It’s been a rocky road for the car selling platform of late but could it be a buy?
The post What’s UBS saying on the Carsales (ASX:CAR) share price? appeared first on The Motley Fool Australia. –
Shares in online classifieds giant Carsales.com Ltd (ASX: CAR) are rangebound today and are now trading 0.4% lower at $25.21.
It’s been a volatile 3 months for Carsales shareholders, with prices closing as high as $26.44 and trading as low as $24.15 in that time.
Over a longer time frame, Carsales has been trading sideways since late August after scoring relatively healthy gains mid-year.
Fear surrounding the new Omicron COVID-19 variant hasn’t been kind to shares of specialist platforms such as Carsales. With uncertainties clouding visibility moving forward, it’s worth checking what the experts are saying.
So, is it a buy? Let’s take a look and find out.
What’s UBS saying about the Carsales share price?
UBS is bullish on the company and rates it as a buy amid the current market mechanics. The broker reckons that Carsales can grow its domestic dealer revenue by an average of 8.5% into FY26.
It says Carsales offers vendors and dealers a unique value proposition that ensures modest price increases can be maintained.
In view of the speculation surrounding inflation and price increases over the coming years, this kind of pricing power is important, UBS says.
Meanwhile, the broker also likes Carsales’ recent retailing and financing initiatives, which it feels could add another 3-5% to revenue growth over the next five years.
Not only that, but UBS is also optimistic about the classifieds company’s growth trajectory into South Korea. It bakes in similar projections for its revenue performance there.
With these points in mind, the broker upgraded its price target on the stock in a recent note to clients, lifting its valuation by 6% to $27 per share.
What’s the sentiment on the Carsales share price?
However, UBS might be one of a few contrarians covering Carsales. From a list of analysts provided by Bloomberg Intelligence, just 25% advocate buying shares in the company right now, whereas 25% have it as a sell.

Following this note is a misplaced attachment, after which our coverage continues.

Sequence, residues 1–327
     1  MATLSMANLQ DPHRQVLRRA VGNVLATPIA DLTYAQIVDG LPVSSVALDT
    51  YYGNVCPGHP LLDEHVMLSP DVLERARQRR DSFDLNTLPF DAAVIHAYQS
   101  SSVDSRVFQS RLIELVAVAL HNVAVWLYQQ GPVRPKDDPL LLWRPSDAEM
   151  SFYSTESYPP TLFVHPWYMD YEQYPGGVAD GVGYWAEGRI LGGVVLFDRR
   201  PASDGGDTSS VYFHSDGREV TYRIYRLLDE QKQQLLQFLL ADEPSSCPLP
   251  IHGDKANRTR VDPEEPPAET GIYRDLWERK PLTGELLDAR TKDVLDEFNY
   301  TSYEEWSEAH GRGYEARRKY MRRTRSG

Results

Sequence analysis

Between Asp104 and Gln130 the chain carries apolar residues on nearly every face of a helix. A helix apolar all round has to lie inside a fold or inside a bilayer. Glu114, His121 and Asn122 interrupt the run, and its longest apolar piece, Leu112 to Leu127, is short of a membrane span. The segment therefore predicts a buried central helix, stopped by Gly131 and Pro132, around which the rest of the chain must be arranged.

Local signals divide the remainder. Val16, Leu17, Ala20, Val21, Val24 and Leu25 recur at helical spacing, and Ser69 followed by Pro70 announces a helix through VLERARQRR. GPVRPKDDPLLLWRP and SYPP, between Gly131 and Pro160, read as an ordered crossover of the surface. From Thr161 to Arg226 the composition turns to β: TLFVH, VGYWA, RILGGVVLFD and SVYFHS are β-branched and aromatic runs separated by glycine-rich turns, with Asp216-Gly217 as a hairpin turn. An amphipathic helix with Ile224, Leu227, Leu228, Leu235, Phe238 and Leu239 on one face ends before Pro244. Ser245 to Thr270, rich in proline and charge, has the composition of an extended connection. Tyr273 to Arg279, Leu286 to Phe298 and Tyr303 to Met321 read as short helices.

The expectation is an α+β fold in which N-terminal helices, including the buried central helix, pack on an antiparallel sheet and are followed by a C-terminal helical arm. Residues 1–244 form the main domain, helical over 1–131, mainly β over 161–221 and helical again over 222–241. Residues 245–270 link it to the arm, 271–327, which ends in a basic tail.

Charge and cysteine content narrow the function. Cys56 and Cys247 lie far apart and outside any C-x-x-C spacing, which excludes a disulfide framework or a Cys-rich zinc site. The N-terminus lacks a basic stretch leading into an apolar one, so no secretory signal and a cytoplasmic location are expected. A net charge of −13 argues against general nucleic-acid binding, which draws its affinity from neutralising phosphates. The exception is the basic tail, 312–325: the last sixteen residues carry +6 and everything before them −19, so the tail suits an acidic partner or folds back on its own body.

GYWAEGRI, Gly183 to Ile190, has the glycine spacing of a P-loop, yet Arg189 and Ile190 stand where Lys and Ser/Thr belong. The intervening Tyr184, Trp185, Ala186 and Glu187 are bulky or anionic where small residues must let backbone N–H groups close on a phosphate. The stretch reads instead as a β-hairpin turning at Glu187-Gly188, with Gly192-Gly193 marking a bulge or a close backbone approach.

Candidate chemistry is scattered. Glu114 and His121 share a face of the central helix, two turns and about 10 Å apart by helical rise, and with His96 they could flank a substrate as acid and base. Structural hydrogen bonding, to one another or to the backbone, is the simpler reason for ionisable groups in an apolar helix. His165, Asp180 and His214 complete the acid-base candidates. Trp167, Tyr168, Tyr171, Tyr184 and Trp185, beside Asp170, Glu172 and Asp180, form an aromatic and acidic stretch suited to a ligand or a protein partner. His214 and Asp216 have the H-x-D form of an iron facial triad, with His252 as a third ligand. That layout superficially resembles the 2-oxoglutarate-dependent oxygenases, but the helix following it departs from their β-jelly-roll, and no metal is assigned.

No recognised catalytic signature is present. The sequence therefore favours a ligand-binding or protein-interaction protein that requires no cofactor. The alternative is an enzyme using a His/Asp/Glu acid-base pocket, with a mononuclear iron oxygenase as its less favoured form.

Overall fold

The remaining 50% have it as a hold or retain a neutral stance on the direction of the Carsales share price. Jefferies is most bullish on the outlook for investors, valuing the company at $30.08 per share.
Evans and Partners, alongside Barrenjoey Markets, also has Carsales as a buy with $30.40 and $30 price targets respectively.
However, the price targets vary more than $9 per share, indicating a 43% spread in opinion on the valuation of Carsales share price.
Even still, the consensus price target on the company is $26.37, indicating an upside potential of more than 4% at the time of writing.
Carsales share price summary
Year to date, the Carsales share price has climbed around 28%. Although it fell sharply earlier in December, it now trades up 1.41% for the month.
Over the longer term, the company’s shares have outpaced the S&P/ASX 200 Index (ASX: XJO) benchmark which has gained just under 14% year to date.
The post What’s UBS saying on the Carsales (ASX:CAR) share price? appeared first on The Motley Fool Australia.
Should you invest $1,000 in Carsales.com right now?
Before you consider Carsales.com, you’ll want to hear this.
Motley Fool Investing expert Scott Phillips just revealed what he believes are the 5 best stocks for investors to buy right now… and Carsales.com wasn’t one of them.
The online investing service he’s run for nearly a decade, Motley Fool Share Advisor, has provided thousands of paying members with stock picks that have doubled, tripled or even more.* And right now, Scott thinks there are 5 stocks that are better buys.
*Returns as of August 16th 2021
The author has no positions in any of the stocks mentioned. The Motley Fool Australia’s parent company Motley Fool Holdings Inc. has no position in any of the stocks mentioned. The Motley Fool Australia has recommended carsales.com Limited. The Motley Fool has a disclosure policy. This article contains general investment advice only (under AFSL 400691). Authorised by Bruce Jackson.